From wringing out extra tone through weird and wonderful electrical wiring to blasphemous body botch jobs that convert single-cuts to double-cuts, guitar owners usually mod their electric guitars for two reasons: to boost their tonal palette and to improve their playability. The unusual aesthetic outcomes are just an added bonus.
Yet Fender Payola guitars – which flashed arguably one of the wildest guitar mods of the era and beyond – were less worried about tone and playability, and more concerned with output and economics: they were devised to allow one guitar to record through three or four amps at once.
It’s a very particular guitar modification that is over six decades old, but one that continues to baffle and bemuse six-string fans to this day. Indeed, in their end-of-year round-up, Reverb reported a certain 1951 Fender Nocaster, complete with an especially eye-catching Payola mod, was one of 2022’s most-watched pieces of gear.
The ‘50s saw the emergence of the Payola instruments – at first Fender Broadcasters and Nocasters, then Telecasters – which were conceived by recording engineers and musicians, and used by session guitarists. The idea was simple: rig a guitar with three or four pickups, give it a matching number of output jacks, and you could record a handful of guitar tracks all at once. One take would yield multiple usable recordings.
Not only was this beneficial for speeding up the recording process and increasing the catalog of guitar cuts to eventually choose from – not to mention reducing the need to change amp and mic setups after every take – it also meant session players would be paid more for their work, as they’d be able to produce a healthy amount of output.
However, there might be more to the Payola story than just speed and efficiency. By the very nature of its name, the Payola mod carries slightly scrupulous connotations, owing to the fact the practice of payola itself involved “bribing someone in return for the unofficial promotion of a product in the media”.
Whatever the case, the Payola hosted by Reverb is a different beast altogether. Not only does it flash a trio of independent pickups, it also comes equipped with three distinct control plates positioned around the body.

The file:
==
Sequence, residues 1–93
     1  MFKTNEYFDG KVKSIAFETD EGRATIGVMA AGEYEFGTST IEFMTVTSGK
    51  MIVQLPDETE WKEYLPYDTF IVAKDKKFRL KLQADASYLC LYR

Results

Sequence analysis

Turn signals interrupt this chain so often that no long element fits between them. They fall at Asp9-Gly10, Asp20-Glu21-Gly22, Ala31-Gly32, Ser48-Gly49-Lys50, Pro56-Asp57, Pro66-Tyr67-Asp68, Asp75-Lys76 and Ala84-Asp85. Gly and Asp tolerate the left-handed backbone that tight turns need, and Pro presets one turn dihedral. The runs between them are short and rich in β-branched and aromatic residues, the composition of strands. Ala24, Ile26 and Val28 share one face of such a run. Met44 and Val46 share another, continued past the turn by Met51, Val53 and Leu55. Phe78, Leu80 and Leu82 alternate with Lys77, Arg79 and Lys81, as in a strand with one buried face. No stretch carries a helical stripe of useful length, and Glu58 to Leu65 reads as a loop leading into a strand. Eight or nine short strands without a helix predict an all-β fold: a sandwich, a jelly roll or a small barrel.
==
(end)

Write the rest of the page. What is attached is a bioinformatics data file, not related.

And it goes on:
According to the listing, the now-priced-at $59,950 guitar was reconfigured into its Payola form in 1951, and tweaked to accommodate a late-’40s Gibson P-90 in the neck, the guitar’s original pickup in the middle and a Seymour Duncan vintage-style single coil in the bridge position. Each unit can also be sculpted via dedicated volume and tone knobs.
A well-known champion of the Payola design is Bruce Springsteen, whose slightly less obscure model – perhaps best known as his number one electric guitar that he used for Born to Run and countless other hits – adopts much of the same DNA.
Dated as a ‘53 or ‘54 model, Springsteen’s six-string features an Esquire neck and a Telecaster body that had been retrofitted with four pickups and a quartet of output jacks long before it made its way into the hands of The Boss.
According to Christopher Phillips, editor of the Springsteen fanzine Backstreets, Springsteen’s own guitar saw action in the session circuits, and was used to collect four times typical union pay for playing four slightly different versions of the same guitar solo.
Springsteen’s guitar didn’t have the additional control plates, and so looked far more like an orthodox single-cut from Fender.
At the time of writing, Reverb’s ‘51 Payola Telecaster is being watched by 782 people, making it the fourth most-watched piece of gear on the company’s website from 2022, alongside a 1958 Gibson Les Paul Burst model.
Alas, despite its seeming popularity, it looks as though its $59,950 value will price most punters out of a purchase. Perhaps guitarists have just bookmarked the remarkable model so they can easily come back to take one more look at what is undeniably one of the craziest yet practical guitar mods ever devised.